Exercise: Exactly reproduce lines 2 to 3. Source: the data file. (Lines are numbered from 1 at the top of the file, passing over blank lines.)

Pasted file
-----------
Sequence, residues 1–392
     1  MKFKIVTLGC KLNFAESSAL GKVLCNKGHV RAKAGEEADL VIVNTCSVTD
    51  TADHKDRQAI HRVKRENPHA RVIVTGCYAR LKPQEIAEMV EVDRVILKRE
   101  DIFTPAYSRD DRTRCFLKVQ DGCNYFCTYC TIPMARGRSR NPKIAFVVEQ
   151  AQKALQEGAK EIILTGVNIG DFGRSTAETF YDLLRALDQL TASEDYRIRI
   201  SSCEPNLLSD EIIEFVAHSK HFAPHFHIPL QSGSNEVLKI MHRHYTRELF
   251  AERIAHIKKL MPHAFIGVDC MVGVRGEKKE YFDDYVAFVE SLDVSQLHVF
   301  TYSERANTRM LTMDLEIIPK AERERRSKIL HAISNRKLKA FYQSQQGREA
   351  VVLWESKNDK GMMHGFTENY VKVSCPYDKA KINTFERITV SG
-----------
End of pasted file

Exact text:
     1  MKFKIVTLGC KLNFAESSAL GKVLCNKGHV RAKAGEEADL VIVNTCSVTD
    51  TADHKDRQAI HRVKRENPHA RVIVTGCYAR LKPQEIAEMV EVDRVILKRE